“We don’t have a guy like Jimmy,” coach Pete Carroll said this week. “Jimmy had an expertise of playing defensive end on early downs and going inside (on passing downs). We don’t have a guy like that, so we’re going to use a combination of guys to rush and see what we can find.”
Pete Carroll lost a key aspect of his defensive game plan just weeks into his tenure with the Seahawks back in 2010. Jimmy Wilkerson suffered a career-ending injury during the pre-season, leading to the eventual signing of Anthony Hargrove to replace him. Carroll made it clear that players like Wilkerson do not grow on trees.
Hargrove did fine as an interior disruptor, but was not capable of sliding outside, and had limited overall impact. Carroll went back to the well in 2012 when he signed Jason Jones to one-year deal. Jones became a critical part of the Seahawks pass rush, disrupting the interior while Chris Clemons and Bruce Irvin crashed the edge or twisted inside Jones. There is a good chance that Jones would still be a Seahawk if his health was not in question. It is difficult to find interior pass rushers. There are probably fewer interior pass rushers in the NFL than quality starting quarterbacks. And they are incredibly valuable. That is why John Schneider’s signing of Michael Bennett may end up being his best of the off-season. Yes, Percy Harvin is an MVP-caliber talent. Yes, Cliff Avril signed a two-year deal worth more per season. Bennett is such a unique talent that he may end the 2013 season as the third-most valuable player on that vaunted Seahawks defense behind only Earl Thomas and Richard Sherman.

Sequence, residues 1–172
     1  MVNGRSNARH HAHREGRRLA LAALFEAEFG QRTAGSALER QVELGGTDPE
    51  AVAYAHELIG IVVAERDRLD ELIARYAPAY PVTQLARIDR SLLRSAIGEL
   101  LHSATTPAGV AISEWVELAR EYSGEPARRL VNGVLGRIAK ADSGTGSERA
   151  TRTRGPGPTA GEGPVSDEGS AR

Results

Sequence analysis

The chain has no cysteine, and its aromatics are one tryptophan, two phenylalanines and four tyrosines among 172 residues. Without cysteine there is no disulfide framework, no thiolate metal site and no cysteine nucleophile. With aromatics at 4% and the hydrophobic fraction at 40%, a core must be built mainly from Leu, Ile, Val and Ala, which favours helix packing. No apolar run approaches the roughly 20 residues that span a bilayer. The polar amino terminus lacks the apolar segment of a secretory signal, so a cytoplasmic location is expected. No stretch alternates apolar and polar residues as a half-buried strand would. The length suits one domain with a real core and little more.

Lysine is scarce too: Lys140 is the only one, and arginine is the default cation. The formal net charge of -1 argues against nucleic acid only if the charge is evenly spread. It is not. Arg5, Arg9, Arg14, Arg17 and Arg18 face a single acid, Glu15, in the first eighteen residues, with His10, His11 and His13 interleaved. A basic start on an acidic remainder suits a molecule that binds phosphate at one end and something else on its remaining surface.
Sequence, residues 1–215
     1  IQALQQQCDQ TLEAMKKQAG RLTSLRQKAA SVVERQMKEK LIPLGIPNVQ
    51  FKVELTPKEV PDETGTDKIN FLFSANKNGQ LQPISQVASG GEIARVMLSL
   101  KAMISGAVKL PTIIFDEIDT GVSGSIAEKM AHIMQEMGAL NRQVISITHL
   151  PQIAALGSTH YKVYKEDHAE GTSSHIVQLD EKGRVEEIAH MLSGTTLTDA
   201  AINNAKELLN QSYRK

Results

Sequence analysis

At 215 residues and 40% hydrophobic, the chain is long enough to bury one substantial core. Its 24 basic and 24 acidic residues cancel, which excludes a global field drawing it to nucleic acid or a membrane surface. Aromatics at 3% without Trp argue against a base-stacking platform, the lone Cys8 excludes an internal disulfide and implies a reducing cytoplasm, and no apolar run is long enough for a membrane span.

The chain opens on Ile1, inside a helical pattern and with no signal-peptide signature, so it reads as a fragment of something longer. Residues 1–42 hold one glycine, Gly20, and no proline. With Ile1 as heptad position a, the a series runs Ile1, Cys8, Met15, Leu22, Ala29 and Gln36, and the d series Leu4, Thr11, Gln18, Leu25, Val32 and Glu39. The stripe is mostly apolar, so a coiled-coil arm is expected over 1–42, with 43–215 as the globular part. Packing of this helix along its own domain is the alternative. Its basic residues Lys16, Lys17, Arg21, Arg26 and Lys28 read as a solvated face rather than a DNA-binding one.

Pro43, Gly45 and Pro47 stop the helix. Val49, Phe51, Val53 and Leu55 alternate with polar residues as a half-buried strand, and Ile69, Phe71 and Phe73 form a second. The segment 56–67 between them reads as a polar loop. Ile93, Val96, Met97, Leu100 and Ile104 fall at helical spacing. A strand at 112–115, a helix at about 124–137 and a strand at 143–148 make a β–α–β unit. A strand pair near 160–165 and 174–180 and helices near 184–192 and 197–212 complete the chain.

Carroll may have been able to start his career in Seattle with Bennett in tow if Schneider had been GM just a year earlier. Tim Ruskell brought in Bennett, who made the team with a great pre-season, and then waived him to make room for an extra offensive lineman. Schneider, then with Green Bay, put in a waiver claim on Bennett because he saw the talent, but Tampa Bay was higher in the queue and won the claim. Bennett went on to earn more and more time for the Bucs as a sub-package interior pass rusher. By 2011, he was earning significant snaps, and he translated that into 4.0 sacks and 9 tackles for loss. His experience playing inside made him especially effective against the run as a defensive end.
ProFootballFocus.com had him rated as +14.2 versus the run in 2011. Cliff Avril, by comparison, was -7.4 and -9.9 versus the run the past two years. Red Bryant, during his strong 2011 season, graded out as +5.6. Bennett really put it all together last season when he dominated against the run (+10.6) and took a major step forward as a pass rusher (+11.3). That turned into a career-high 9.0 sacks and 10 tackles for loss.
Bennett accomplished those numbers by starting at defensive end, but sliding inside in nickel or dime situations. He is incredibly effective at using his hands to drive blockers back into the back-field and jabbing them off-balance. His tendency is more towards power moves like bull rushing on the outside, but it turns into a quickness game inside. There are precious few men in the NFL that can do what Bennett does, especially to the level he does it.